Anxiety can get the better of all of us from time to time. Worries about what may happen can take on a life of their own and make us feel overwhelmed. Sometimes, understanding what anxiety is and how to relate to it can help us feel more in control of our lives and our emotions.
Anxiety plays a vital role in our lives and is not always a bad thing. Feelings of anxiety protect us from harm and warn us of impending danger. If we felt no anxiety, we might not get out of the way of a bus in time or react appropriately if we find ourselves in a dangerous situation. However, because of our big and powerful human brains, we have the unique ability to imagine an infinite variety threatening scenarios. Mark Twain captures this in his famous quote saying “I’ve had a lot of worries in my life, most of which never happened.” In Robert Sapolsky’s book by this same title, he poses the question “why don’t zebras get ulcers?” Zebras get chased by predators every day and yet aren’t preoccupied with worry most times. The reason is that their brains don’t permit them to imagine all the dangers of the next day and instead, cause them to feel afraid only when there is present danger and to be calm when it is gone.
Anxiety “Lies” to Us
Anxiety is the great magnifier of emotions. And why wouldn’t it be? “Better safe than sorry” is indeed a useful approach to staying safe, but also a recipe for being immobilized by the threats of the future. So how do we know when we have slipped past the point of our anxiety protecting us and into the territory of unhelpful anxiety? The answer is subjective but a great question to ask ourselves is “is this anxiety helping me resolve the issues I’m worried about or is it actually getting in the way?” This is an unnatural question for many of us to ask ourselves because the feared situation/thing stimulating the anxiety always feels like a real danger. Anxiety insists that it is telling us the truth and resists our initial efforts to quell it. Even though many times we want to feel less anxious, we protect and nurture our anxiety believing that it will help protect us and motivate us toward a solution. If you want proof of this, the next time you see a friend who over-anxious, tell them to “just calm down” and see the anger and defensiveness that it so naturally produces.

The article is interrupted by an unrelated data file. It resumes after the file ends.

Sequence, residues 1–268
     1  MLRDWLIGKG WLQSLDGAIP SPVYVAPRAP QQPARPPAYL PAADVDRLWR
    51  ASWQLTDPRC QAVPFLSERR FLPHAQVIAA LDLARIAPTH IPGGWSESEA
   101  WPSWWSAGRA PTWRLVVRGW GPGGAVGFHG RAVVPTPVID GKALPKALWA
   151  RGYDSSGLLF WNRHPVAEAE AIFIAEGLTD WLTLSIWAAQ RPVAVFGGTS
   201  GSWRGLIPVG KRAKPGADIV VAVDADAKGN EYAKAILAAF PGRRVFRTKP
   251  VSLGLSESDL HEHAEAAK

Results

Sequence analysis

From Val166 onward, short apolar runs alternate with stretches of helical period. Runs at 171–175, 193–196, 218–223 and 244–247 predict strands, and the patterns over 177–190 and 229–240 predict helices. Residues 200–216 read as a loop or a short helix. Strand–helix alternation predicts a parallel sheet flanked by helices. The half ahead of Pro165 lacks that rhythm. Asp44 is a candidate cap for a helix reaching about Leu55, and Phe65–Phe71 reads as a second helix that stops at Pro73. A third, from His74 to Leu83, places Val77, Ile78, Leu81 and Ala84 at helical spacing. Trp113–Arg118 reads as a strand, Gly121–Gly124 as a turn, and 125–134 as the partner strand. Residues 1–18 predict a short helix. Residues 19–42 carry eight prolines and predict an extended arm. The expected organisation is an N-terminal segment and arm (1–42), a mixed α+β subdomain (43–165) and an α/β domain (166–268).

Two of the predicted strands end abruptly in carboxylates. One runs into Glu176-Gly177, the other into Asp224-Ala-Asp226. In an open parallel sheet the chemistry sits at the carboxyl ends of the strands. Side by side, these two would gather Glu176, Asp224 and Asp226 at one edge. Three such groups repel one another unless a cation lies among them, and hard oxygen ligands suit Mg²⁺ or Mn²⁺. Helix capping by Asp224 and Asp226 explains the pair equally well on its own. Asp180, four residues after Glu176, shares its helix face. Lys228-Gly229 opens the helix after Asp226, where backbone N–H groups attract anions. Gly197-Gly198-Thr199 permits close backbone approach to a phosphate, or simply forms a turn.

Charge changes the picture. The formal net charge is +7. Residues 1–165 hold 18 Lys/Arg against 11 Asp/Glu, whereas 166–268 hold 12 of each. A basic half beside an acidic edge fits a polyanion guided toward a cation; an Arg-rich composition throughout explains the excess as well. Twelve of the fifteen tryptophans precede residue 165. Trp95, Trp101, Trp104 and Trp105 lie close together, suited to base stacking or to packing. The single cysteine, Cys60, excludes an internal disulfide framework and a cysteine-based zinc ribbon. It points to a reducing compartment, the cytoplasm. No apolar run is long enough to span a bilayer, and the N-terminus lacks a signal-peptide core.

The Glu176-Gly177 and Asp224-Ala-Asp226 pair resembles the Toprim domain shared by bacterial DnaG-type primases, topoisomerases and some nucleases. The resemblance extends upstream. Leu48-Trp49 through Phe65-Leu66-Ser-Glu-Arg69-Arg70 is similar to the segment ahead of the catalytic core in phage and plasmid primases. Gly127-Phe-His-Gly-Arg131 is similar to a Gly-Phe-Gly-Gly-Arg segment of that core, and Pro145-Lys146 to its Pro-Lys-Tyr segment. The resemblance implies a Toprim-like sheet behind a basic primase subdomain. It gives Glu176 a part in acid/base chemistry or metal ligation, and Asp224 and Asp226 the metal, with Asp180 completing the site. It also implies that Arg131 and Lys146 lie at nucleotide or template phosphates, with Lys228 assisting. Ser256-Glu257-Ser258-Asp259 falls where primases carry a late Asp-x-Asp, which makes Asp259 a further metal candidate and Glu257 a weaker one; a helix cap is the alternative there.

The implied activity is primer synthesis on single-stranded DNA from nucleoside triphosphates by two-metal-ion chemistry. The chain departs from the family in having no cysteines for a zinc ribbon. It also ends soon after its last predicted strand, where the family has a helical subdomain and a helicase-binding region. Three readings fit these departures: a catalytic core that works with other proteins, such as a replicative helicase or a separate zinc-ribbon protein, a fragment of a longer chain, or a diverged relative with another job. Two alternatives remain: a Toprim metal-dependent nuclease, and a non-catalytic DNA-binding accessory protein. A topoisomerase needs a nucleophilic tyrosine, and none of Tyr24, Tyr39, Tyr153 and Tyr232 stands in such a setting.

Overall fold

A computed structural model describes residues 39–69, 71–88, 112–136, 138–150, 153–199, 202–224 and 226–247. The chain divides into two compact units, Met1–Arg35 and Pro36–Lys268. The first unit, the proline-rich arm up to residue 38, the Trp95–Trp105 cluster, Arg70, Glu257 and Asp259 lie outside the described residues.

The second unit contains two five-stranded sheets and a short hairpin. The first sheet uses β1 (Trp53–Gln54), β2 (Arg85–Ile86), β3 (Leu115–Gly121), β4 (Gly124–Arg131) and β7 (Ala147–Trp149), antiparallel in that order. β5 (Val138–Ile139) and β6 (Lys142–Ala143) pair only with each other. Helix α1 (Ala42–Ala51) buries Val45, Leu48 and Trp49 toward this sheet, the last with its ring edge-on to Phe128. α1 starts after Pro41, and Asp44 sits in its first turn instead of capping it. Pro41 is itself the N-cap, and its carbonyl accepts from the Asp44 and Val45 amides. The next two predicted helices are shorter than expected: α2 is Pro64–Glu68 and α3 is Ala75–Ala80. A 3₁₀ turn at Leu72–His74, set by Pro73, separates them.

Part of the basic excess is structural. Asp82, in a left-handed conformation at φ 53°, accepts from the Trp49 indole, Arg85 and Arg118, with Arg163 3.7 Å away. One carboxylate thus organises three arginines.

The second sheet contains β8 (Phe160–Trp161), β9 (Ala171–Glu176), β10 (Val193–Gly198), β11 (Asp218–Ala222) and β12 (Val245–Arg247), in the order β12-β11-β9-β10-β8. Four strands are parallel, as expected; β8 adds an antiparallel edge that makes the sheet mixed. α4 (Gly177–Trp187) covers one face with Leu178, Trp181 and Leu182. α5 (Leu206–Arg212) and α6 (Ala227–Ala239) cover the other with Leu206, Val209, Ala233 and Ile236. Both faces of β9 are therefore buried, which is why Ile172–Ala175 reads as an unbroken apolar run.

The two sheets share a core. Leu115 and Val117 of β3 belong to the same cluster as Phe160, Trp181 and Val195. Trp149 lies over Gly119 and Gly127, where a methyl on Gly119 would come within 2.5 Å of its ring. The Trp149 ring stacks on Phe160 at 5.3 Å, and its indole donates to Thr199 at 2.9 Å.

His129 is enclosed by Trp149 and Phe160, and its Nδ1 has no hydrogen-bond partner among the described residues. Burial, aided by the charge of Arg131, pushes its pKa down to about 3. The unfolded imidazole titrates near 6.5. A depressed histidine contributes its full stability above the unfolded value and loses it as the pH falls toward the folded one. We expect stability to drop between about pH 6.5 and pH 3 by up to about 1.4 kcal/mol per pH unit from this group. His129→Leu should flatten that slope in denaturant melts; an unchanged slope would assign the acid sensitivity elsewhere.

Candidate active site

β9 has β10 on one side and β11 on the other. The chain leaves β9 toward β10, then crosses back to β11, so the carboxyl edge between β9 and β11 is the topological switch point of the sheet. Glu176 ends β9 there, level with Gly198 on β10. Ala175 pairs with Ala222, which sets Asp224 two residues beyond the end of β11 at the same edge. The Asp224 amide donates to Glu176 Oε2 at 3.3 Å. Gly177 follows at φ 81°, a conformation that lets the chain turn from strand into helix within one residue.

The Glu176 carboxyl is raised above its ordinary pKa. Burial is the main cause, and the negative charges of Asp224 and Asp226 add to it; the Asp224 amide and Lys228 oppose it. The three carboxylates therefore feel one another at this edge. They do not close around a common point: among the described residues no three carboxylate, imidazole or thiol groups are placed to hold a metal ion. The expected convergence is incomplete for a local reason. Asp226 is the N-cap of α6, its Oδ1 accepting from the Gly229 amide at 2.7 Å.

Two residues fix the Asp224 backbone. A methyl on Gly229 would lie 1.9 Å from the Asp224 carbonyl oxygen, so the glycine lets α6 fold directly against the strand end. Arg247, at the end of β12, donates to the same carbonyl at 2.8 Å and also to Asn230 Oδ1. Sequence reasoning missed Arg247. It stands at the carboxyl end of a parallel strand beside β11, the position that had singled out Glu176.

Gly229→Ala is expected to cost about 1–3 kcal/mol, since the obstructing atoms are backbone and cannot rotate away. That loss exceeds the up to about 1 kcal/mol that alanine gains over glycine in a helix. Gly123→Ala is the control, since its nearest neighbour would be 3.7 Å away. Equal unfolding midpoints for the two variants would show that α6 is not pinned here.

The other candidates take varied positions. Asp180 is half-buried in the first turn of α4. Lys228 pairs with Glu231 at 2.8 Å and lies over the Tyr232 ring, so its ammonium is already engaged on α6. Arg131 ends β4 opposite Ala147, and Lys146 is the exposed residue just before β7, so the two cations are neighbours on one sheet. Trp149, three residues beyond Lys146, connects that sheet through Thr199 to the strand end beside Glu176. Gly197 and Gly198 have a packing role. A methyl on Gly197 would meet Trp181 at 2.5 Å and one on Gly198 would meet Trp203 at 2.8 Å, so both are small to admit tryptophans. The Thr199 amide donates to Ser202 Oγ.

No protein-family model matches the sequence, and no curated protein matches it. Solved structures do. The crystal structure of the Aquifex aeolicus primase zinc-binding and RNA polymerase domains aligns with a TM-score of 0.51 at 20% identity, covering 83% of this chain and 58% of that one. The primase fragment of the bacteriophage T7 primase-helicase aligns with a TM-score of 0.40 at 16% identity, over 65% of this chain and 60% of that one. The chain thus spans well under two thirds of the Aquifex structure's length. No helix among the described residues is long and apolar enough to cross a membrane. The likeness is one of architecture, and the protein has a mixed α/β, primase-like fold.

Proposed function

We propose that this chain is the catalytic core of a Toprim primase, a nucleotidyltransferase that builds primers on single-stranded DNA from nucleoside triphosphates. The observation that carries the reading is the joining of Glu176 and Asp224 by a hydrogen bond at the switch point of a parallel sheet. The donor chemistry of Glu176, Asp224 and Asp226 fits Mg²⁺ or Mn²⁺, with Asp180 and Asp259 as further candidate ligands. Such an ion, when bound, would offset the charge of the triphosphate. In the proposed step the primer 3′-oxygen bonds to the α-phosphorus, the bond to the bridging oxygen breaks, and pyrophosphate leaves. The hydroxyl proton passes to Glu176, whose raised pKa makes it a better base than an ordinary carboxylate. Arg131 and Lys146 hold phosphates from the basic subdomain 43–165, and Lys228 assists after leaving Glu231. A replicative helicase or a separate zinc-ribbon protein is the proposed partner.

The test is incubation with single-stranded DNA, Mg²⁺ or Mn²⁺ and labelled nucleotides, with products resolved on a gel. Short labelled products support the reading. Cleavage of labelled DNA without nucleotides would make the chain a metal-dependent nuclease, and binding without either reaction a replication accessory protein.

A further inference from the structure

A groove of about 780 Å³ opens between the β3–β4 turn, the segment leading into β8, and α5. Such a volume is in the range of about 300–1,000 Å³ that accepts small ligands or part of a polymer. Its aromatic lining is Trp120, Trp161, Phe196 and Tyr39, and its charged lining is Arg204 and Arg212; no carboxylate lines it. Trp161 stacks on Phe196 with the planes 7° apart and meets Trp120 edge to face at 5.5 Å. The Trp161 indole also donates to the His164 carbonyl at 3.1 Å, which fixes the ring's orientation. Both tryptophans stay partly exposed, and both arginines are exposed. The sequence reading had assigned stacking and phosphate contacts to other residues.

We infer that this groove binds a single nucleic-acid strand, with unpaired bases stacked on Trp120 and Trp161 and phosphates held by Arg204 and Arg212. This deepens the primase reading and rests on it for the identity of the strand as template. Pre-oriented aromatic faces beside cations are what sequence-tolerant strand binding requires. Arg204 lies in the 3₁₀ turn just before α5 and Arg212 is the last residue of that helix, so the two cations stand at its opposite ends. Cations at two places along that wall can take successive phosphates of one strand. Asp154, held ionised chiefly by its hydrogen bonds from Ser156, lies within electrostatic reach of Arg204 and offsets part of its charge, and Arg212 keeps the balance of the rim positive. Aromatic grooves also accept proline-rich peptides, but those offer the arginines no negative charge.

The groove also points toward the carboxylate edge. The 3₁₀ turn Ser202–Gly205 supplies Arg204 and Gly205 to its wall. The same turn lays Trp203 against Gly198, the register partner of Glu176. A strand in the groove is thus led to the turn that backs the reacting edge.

Identify When Anxiety is Not Helpful
So how do we help ourselves in moments of high anxiety? The first necessary step is identifying what it is that we are actually anxious about. This can be trickier than it sounds. If someone tells me they are anxious about taking a long flight, this isn’t quite enough information. What is the actual fear there? Is it that the person will die, that the person will get sick and embarrassed, or that if they actually complete that flight, that they have to deal with a challenge on the other end? Next I often ask people to do an honest assessment of how real the danger to their physical or emotional safety really is. For example, someone terrified of their review at work may feel like their world will end if they get a poor assessment and make the mental leap to fears of being immediately fired rather than the more likely situation that they will receive mild criticism and a chance to improve. If we can identify that our level of anxiety is not actually warranted or helpful, we can then safely try and bring it down.
Once we have identified that is safe to lower our anxiety and that we are perceiving a greater threat than truly exists, there are some things we can do in the moment to help calm ourselves.
- Distraction: Do you ever feel like a problem is unsolvable, only to realize that when you take a break and come back to it, your mind is clearer and more able to tackle life’s challenges? If you are anxious and overwhelmed, try and take a walk, watch a pleasing show, make some tea, or any other activity that allows your brain to reset.
- Breath: Slow, deep breathing is excellent for signaling to your brain that you are safe, and allowing it to turn off “fight or flight” mode, and turn back on a more calm, clear headed, and capable you. I recommend setting a timer for 3-5 minutes to give yourself time to relax.
- Talk to yourself: Talking to yourself is not at all for “crazy” people. Extremely useful phrases to repeat are often “I am safe,” and my favorite for the work environment “this is NOT an emergency.” Of course, these phrases should only be used when you are in fact safe and not in an emergency.
Not all anxiety can be resolved by these easy to use skills, but it is often very helpful to know a few and have them on hand for stressful times. If anxiety persists in your life or if you feel like you could use more help reducing anxiety, talk to your therapist or mental health provider about how to manage the anxiety in your life.
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